Friday, May 30, 2008
Sapzurro Bay – Columbia, N08.39.593;W077.21.829 March 30 – April 6 2008
At 4pm, on a dark and gusty afternoon, with reefed main set for the night passage we departed Isla Fuerte. Planning a 14 hour passage across the 83 miles of open water to arrive at the sleepy little bay of Sapzurro on the Columbian/Panama border. We could not slow down! We let out the sails until almost flogging and still we were doing better than 8 knots over the ground. At this speed we would arrive at 3 am…on a lee shore, in the dark, trying to navigate unfamiliar water into an unfamiliar reef ringed bay.
Short of sailing backwards and putting out an anchor to slow our passage, we arrived two hours ahead of schedule off the rocky cliff lined shore of the Columbia/Panama border. Hove to in the dark ahead we could just make out three large fishing trawlers hauling their long nets passing in front of us. We made our way thru and saw the faint harbour lights of Sapzurro Bay.
Passing by the lights into the bay there was not a light anywhere. We slowed to a crawl and almost ran broadside into one of three coastal trading boats at anchor. Luckily, it was not long before enough of the dawn allowed us to find our anchorage and we settled in. Arriving in the dark is not recommended!
Sapzurro Bay is inaccessible by road. It is lined with jagged hilltop jungle vegetation. It is also a border town for Columbia and Panama. There is a steep well-worn path up thru the jungle and Kaija and Doc trekked to the top of the hill. The two guards, one from each country welcomed them and registered Kaija’s visit. Doc settled into the coolest place he could find after the long hot ‘grind’ up the hill.
The Bay is lined with beautiful white sand beaches. On the windward swept side, the constant rolling waves are filled with fresh flotsam from lands afar. The opposite side of the bay is a ‘mui tranquil’ setting and an ideal place for locals and visitors to gather in the cool sands and clear calm waters. Here we met Carlos and family, dog and pet pigs.
In between these sandy beaches lies the quite well organized small village of Sapzurro. Each house is well turned out and many have quite architecturally pleasing accoutrements. Here we met Chile speaks better English than we do Spanish and a good friend of our friend ‘Dennis the Wild One’. Chile was ever so gracious during our stay. We purchased a small piece of local art from ‘Miriam’ and enjoyed a wonderful dinner complements of the sea prepared at a local restaurant where we chatted with a Cindy and Bob from Walla Walla We. They were visiting their son and so impressed with the people and the place, as were we.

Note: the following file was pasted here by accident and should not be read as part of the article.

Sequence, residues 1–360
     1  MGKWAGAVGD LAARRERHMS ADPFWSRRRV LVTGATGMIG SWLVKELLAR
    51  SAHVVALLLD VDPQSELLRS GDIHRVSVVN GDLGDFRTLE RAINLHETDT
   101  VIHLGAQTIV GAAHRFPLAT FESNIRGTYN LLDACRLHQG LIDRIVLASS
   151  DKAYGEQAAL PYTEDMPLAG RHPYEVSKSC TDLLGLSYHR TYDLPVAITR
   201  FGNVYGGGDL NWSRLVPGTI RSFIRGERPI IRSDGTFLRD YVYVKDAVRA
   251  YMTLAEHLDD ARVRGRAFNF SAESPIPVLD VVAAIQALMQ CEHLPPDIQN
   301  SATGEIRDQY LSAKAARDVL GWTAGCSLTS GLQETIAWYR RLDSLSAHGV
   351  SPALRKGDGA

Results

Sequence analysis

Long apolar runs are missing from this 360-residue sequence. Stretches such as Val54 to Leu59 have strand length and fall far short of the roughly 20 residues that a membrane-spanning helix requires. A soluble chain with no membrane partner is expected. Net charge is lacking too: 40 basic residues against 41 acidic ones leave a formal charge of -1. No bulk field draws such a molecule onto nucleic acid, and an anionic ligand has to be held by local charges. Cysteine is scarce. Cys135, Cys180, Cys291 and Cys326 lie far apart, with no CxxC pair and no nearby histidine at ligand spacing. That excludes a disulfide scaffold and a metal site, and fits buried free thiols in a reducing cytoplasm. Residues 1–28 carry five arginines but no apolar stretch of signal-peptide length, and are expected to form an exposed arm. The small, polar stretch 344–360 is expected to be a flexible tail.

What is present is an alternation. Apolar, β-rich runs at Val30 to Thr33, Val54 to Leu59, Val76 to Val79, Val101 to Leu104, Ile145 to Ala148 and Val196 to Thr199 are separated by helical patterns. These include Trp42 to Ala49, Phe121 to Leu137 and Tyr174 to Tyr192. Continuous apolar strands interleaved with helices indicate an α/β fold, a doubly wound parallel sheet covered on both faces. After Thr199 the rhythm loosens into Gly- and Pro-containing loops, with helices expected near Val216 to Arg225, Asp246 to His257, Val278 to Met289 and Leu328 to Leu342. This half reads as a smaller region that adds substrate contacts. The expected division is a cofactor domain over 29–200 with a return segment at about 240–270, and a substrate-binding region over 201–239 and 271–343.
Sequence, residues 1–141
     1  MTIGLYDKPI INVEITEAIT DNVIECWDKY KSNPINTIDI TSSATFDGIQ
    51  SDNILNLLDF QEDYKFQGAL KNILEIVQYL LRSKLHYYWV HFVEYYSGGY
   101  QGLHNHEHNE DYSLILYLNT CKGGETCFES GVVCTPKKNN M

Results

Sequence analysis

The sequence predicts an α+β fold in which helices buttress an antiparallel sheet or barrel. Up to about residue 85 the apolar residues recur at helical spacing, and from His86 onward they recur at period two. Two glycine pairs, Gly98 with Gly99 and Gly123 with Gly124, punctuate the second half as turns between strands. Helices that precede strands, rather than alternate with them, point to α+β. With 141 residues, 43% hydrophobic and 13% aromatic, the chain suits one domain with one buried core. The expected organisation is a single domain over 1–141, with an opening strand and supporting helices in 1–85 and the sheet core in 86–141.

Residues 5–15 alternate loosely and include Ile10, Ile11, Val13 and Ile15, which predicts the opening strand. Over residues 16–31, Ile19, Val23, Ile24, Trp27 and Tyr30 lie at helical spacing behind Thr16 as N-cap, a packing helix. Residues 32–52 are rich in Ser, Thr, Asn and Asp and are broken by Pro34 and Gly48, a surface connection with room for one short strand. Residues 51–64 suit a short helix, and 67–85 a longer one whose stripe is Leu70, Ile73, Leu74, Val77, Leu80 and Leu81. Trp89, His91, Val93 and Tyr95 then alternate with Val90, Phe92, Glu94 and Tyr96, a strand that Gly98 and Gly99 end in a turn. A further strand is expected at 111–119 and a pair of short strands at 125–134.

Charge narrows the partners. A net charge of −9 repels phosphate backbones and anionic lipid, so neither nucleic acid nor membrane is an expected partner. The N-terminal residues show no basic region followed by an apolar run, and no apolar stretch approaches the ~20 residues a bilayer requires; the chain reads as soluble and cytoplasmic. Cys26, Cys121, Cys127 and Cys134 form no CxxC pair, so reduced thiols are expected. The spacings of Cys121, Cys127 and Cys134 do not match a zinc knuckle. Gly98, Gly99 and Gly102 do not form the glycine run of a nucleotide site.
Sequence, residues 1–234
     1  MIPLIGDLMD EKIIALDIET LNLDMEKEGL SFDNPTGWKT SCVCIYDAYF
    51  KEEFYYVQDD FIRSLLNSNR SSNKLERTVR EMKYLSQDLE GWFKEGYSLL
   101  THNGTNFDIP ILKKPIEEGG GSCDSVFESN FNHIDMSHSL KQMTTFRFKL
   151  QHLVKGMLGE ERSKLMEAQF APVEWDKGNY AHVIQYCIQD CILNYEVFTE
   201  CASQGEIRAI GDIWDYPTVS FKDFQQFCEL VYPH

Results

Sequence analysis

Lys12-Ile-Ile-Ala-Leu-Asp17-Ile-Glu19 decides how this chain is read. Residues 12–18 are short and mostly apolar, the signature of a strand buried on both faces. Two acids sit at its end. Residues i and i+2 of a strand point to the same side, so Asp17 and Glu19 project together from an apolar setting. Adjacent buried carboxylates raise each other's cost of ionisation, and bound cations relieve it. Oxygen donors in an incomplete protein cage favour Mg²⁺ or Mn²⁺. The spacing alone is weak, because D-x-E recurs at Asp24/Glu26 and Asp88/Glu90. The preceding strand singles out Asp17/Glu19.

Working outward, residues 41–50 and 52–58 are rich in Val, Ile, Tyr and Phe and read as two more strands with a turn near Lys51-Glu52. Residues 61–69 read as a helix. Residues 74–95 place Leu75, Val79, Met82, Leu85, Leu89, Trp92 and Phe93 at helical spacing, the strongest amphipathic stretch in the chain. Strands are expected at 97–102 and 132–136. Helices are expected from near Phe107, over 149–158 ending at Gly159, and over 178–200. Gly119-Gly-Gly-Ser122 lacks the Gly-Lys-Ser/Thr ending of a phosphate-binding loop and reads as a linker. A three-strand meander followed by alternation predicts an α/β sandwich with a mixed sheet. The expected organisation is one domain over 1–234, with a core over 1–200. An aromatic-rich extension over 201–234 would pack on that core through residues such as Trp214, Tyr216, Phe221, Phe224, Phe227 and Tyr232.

We also met S/v Enata from Norway, Lucky and his wife and their 6 month old baby, as well S/v Ahnri from Sweden with Heidi and husband. So with Kaija being from Finland we pretty much had the ‘Scandahoovians represented.
Along with all this good news and fun, of course there must be a little pain. Gary insists on a clean engine compartment, and after each run he makes sure it is. Upon checking the engine compartment we discovered a large amount of transmission fluid evident throughout the engine compartment. What a mess!...We cleaned it up and checked everything and double checked and couldn’t find anything evident. We restarted the engine and immediately saw this ‘jet’ of transmission fluid spraying from the gearbox cooler. We shut down and Gary grunted and groaned and finally got the unit off the engine block. It was upon closer inspection we realized that over time a small hole, the size of a pin, had developed in the casing. This was not good news, and we were facing a major dilemma as we are already nursing our tranny along, and this meant turning around and sailing back into Cartagena with a non-functioning gearbox cooling system. With not many options in store, Gary invoked the ‘dremmel’ rule. When nothing else will do, get Dremmel!. He pretended he was back at the dentist and performed a dental procedure of some sort, enlarging the hole from the inside enough to provide sufficient space for the bonding material we carry aboard called Marine-Tex (this stuff is good!). Long story short, when re-installed, it all worked, and as Capt G is fond of saying…”It’s Alllll Good!”.
This is a place less travelled. We heard about it from fellow cruisers and as we prepared to leave this wonderful little bay and both agreed that this is a place you could spend a lot of time.